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Global Shift: Our M&A predictions for 2023<br />

Global Shift: Our M&A predictions for 2023

Five deal-making themes for businesses worldwide

Clifford Chance experts share their views on the themes that will shape the M&A market in 2023

We are currently witnessing a slowdown from the deal-making heights of 2021 and early 2022, as geopolitical instability, inflationary pressure and interest rate rises have dampened M&A activity. While these issues will persist for some time, cooling the market overall, we are confident there will be busy pockets of deal-making activity in 2023.

Sarah Jones, Global Head of Corporate, says:

"The cost of, and access to, capital will shape global M&A on multiple fronts in 2023. As debt matures, large corporates will seek to deliver balance sheets, driving carve-outs and non-core asset sales. The strong dollar should support US-based corporates as key buyers. Meanwhile, faced with more expensive debt markets, we expect financial investors to look for ever-more complex, creative opportunities, and green investments."

Riaz Pirmohamed, Senior Associate in our London Corporate Transactions and Advisory practice, adds:

"Deal-making activity will be driven in part by growth strategies shaped by government policy and regulation, particularly around climate and infrastructure, as governments look to stimulate economic recovery. However, the current systemic risks are also causing countries and economic blocs to insulate themselves through protectionist regulatory action, presenting challenges for efficient deal execution.

Digital infrastructure and the energy transition are sectors to watch. We expect them to generate significant cross-border M&A as investors target both attractive returns and social impact. Meanwhile tech is heading for a calmer period, with a steady, more sober approach to deal-making and a focus on more rigorous diligence in light of recent high-profile governance failures. We also anticipate activity in other sectors where companies have strong balance sheets with the capacity for large M&A, as well as a strategic imperative to do so, such as healthcare companies facing a looming expiry of patents over key drugs."

Our M&A predictions for 2023


1. Energy transition infrastructure: Boom time for 'market first' assets

Infrastructure will continue to be seen as an attractive and safe asset class, particularly in the energy sector. Expect to see a rise in innovative investments that support energy transition targets, for example, renewable energy islands in Europe and those clean hydrogen cluster projects that secure bankable offtakes.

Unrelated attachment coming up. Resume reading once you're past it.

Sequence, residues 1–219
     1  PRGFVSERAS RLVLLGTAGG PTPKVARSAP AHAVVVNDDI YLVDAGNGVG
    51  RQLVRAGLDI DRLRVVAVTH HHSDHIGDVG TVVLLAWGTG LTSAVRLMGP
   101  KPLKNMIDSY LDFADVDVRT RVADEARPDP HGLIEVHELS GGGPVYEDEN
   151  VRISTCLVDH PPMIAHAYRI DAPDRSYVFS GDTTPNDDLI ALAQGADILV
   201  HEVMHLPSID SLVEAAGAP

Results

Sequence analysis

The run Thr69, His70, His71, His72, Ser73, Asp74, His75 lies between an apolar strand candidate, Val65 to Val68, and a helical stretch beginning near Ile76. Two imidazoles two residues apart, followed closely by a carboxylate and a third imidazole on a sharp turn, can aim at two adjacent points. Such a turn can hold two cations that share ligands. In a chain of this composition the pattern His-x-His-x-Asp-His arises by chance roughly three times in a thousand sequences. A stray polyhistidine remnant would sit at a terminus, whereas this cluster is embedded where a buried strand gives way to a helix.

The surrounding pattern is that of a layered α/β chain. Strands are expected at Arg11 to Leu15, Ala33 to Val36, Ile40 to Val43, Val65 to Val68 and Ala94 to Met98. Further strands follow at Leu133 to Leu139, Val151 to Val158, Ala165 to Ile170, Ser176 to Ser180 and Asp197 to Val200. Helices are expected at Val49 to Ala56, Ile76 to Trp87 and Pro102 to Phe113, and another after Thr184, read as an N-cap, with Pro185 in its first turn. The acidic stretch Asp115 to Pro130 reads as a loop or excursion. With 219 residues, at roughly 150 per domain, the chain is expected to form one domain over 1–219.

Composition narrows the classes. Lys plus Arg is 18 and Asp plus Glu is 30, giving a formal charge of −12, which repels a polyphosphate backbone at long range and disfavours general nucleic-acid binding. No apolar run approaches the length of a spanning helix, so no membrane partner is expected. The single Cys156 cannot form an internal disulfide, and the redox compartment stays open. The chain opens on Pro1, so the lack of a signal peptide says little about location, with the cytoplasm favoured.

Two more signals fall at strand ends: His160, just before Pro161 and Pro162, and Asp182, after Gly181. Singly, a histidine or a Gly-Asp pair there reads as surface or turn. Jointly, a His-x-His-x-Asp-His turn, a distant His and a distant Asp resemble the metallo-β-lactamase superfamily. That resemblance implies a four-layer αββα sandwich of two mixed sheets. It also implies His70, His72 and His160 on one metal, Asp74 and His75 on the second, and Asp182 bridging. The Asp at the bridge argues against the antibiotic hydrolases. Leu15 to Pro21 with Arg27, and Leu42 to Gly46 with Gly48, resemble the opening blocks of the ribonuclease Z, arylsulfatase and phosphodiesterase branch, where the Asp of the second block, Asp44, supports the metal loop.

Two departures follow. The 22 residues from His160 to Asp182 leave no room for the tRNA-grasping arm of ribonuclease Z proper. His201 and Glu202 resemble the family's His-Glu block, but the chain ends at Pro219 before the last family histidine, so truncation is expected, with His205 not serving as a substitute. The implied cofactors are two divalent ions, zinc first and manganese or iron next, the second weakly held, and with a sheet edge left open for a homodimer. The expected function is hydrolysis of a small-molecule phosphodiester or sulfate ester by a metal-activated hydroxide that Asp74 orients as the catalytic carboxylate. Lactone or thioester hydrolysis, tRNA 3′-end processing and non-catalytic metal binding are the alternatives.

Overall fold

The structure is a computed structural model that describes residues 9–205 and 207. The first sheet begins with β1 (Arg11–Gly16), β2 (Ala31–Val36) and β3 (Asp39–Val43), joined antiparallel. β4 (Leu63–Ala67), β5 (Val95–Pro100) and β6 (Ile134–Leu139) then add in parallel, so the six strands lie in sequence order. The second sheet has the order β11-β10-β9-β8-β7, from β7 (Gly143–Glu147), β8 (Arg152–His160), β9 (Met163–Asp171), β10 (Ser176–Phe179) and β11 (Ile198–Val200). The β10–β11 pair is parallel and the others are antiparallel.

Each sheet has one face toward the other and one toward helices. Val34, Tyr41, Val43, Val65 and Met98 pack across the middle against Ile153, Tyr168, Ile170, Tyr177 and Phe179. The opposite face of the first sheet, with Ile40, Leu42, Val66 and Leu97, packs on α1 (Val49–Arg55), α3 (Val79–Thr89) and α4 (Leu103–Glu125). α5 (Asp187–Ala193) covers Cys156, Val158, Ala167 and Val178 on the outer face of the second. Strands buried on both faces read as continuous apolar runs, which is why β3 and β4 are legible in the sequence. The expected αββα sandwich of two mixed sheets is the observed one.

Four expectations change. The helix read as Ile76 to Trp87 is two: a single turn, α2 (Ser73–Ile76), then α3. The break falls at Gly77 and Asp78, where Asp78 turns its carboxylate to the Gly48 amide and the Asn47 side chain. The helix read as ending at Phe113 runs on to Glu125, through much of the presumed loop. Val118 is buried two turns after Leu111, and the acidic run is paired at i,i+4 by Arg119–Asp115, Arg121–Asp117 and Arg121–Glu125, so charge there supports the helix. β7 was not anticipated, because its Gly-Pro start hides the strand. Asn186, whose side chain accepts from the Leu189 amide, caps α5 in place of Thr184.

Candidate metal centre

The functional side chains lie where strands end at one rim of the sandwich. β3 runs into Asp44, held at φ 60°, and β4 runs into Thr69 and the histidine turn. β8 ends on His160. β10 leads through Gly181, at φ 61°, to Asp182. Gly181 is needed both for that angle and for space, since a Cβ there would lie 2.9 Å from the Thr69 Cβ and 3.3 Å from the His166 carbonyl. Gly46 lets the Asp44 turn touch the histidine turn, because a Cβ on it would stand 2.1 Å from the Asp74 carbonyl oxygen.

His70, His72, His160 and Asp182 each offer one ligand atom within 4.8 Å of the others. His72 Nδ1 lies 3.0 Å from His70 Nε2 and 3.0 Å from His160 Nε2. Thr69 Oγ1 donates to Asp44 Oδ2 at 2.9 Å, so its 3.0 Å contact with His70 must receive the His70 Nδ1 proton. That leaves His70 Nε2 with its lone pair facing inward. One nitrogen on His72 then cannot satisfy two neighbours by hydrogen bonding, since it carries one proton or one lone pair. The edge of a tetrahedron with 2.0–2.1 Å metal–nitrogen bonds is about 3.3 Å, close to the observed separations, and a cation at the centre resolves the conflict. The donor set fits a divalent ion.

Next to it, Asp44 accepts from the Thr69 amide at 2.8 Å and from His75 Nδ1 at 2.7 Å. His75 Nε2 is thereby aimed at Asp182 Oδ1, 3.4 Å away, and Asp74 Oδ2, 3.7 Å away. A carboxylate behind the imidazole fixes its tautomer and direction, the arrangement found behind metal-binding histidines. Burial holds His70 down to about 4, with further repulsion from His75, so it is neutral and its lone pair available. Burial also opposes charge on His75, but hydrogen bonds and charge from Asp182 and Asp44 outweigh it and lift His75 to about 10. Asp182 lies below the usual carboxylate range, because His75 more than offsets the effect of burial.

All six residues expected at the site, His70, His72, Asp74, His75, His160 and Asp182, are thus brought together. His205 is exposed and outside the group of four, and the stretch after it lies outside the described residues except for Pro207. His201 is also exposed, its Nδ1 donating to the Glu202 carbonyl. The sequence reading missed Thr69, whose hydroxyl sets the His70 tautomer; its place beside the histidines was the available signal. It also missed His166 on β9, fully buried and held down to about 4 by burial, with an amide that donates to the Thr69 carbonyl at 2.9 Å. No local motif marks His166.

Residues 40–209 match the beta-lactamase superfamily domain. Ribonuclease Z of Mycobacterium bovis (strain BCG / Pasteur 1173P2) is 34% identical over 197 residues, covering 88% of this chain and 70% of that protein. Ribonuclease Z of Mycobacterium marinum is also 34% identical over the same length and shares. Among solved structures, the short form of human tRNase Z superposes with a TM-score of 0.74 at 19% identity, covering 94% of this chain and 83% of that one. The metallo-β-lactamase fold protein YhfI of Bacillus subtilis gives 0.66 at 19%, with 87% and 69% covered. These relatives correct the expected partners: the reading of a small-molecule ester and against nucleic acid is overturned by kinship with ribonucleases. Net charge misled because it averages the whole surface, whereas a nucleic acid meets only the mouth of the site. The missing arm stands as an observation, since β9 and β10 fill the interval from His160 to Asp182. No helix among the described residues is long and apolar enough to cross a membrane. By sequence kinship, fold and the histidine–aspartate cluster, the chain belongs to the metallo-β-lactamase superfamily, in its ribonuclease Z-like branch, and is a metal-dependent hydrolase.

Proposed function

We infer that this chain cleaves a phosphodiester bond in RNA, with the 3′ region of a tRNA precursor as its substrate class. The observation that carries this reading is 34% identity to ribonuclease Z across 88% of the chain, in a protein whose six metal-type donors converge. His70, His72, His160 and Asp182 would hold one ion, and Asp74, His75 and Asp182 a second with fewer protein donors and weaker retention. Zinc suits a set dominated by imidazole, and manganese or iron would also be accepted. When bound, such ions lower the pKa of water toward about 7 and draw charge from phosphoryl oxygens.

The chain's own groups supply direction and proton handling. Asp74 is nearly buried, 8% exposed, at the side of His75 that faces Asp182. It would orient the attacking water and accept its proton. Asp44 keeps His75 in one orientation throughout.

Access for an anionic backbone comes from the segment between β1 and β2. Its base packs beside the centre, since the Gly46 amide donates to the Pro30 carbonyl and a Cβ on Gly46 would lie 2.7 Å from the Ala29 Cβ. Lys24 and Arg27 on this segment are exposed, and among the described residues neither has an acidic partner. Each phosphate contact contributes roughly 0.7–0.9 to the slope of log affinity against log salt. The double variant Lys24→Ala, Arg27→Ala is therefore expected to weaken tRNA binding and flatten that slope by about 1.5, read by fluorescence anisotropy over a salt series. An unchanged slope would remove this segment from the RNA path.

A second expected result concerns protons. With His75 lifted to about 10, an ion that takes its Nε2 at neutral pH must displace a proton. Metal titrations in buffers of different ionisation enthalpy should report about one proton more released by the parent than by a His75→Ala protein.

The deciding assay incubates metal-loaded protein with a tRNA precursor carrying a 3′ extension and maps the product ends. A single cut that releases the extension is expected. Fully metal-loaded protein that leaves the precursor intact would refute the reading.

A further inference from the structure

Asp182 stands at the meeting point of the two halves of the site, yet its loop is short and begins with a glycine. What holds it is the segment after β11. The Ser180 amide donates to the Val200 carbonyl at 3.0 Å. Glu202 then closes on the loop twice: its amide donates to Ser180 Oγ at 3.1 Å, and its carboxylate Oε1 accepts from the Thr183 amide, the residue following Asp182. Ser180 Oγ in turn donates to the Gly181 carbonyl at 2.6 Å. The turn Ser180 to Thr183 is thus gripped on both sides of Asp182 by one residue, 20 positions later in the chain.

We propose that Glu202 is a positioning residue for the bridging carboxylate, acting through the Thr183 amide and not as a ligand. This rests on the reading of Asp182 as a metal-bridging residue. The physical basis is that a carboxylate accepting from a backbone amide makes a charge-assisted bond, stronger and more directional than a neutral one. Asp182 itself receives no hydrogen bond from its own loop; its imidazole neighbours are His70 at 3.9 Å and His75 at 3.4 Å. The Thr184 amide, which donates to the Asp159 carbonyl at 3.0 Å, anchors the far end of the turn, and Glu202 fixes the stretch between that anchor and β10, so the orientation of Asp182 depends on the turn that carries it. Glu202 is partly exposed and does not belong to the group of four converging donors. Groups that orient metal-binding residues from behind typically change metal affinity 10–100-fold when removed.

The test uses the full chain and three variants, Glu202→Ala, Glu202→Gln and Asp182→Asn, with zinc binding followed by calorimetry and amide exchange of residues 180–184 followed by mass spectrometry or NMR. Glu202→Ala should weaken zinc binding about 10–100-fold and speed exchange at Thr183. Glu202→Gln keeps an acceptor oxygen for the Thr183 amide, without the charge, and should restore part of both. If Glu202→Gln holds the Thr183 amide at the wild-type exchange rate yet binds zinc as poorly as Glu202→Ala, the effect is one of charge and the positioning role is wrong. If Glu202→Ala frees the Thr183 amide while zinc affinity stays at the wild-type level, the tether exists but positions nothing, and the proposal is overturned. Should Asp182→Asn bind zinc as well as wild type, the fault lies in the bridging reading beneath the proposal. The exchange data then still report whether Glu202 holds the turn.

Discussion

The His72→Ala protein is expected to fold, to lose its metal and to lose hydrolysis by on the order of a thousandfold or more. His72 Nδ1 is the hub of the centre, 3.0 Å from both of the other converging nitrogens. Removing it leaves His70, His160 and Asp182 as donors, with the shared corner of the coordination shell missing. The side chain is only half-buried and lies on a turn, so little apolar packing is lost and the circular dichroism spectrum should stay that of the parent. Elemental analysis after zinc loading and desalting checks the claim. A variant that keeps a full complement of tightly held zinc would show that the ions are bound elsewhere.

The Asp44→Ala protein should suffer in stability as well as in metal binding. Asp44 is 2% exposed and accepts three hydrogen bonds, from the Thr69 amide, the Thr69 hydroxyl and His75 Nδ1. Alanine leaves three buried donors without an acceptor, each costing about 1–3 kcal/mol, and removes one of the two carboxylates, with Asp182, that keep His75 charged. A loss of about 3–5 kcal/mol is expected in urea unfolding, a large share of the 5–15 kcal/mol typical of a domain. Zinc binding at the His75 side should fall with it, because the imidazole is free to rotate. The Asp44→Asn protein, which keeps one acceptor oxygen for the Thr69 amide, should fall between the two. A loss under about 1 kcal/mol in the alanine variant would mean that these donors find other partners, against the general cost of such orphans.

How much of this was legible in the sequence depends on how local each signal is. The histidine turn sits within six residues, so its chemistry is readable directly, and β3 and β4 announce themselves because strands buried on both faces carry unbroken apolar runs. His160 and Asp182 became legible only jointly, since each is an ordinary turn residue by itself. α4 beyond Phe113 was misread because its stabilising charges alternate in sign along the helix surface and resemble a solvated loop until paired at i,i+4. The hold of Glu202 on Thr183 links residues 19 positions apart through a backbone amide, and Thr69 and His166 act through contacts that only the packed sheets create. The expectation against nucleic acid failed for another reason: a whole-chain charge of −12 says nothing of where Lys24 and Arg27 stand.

Patrice Viaene, Counsel in the M&A Infrastructure team in Brussels and member of our Clean Hydrogen Taskforce, says:

"Emerging technologies, such as clean hydrogen and the capture and storage of CO2, will be in demand. To reach Net Zero we need to rapidly accelerate investment in 'plumbing infrastructure', such as interconnectors, storage facilities and the renewable energy islands needed to transport renewable energy and hydrogen between regional economies. Likewise, we also expect significant capital investment in energy grids, to address intermittency issues from increased renewable energy generation.

Investment will be driven by a desire to capitalise on emerging technologies that could have global application as we strive to become carbon neutral."


2. Tech: Cooler heads

After a tough year for tech, we expect a shift in the dynamics of tech M&A: greater investor caution, backed by greater bargaining power with softer valuations and investors holding their dry powder – cooler heads for a cooler market.


Brian Harley, Technology Consultant in the M&A practice in Hong Kong, explains:

"Challenging macroeconomic conditions won't kill tech. Growth investment may have become relatively less attractive for a time, but innovation will continue: keep ahead of your peers or become irrelevant. The end of cheap money will mean less froth in tech, but the long-game tech players will continue to build to stay ahead of the competition.

Expect fewer new unicorns and more strategic consolidation through bolt-on acquisitions and business co-operations. Growing companies will still raise funds, even if some will have to be willing to test their down-round mechanics. Even in crypto, which has had an especially bad year, we hope to see companies that have pursued more sober applications of blockchain technology continue to grow."


3. Protectionism: Heightened deal risk and prolonged timeframes

Policy-making across the globe, aimed at controlling foreign investment and protecting home-grown industry, will impact M&A in the year ahead. Together with enhanced scrutiny from regulators, this will increase execution risk, extend deal timelines and may lead to new deal structures.


Milena Robotham, Counsel in the Global Antitrust practice in Brussels, explains: